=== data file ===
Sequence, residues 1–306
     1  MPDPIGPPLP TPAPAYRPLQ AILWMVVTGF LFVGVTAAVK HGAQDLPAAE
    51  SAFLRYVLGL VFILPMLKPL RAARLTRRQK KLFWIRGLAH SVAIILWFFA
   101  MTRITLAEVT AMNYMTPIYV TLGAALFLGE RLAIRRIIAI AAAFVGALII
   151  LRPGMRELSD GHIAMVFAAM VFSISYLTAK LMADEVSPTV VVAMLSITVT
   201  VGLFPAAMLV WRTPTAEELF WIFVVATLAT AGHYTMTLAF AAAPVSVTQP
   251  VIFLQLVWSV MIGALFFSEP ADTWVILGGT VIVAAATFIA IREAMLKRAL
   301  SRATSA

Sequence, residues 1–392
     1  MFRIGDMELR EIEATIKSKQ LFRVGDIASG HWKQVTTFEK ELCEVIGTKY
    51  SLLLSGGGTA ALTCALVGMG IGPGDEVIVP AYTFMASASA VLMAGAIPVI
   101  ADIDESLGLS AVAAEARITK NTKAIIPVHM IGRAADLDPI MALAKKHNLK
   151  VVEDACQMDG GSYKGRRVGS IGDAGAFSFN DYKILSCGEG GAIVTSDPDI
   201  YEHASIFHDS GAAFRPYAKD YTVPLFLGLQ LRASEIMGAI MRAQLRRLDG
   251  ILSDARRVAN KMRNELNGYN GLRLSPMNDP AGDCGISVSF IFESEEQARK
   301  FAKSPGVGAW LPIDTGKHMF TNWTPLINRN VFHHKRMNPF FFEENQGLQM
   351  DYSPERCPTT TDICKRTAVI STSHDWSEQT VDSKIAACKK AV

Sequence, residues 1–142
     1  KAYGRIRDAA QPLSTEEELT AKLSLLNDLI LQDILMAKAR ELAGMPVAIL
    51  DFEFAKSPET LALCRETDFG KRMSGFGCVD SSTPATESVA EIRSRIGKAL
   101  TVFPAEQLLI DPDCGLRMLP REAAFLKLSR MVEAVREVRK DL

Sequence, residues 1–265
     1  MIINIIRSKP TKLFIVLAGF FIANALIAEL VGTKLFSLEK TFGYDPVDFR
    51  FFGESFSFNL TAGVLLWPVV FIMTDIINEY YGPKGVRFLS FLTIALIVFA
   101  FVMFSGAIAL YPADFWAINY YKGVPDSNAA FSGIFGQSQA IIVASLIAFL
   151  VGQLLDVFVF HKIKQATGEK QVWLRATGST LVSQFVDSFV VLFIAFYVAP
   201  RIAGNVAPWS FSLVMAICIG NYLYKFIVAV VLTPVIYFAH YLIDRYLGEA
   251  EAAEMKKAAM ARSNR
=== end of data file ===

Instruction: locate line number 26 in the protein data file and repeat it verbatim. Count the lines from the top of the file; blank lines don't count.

   151  VGQLLDVFVF HKIKQATGEK QVWLRATGST LVSQFVDSFV VLFIAFYVAP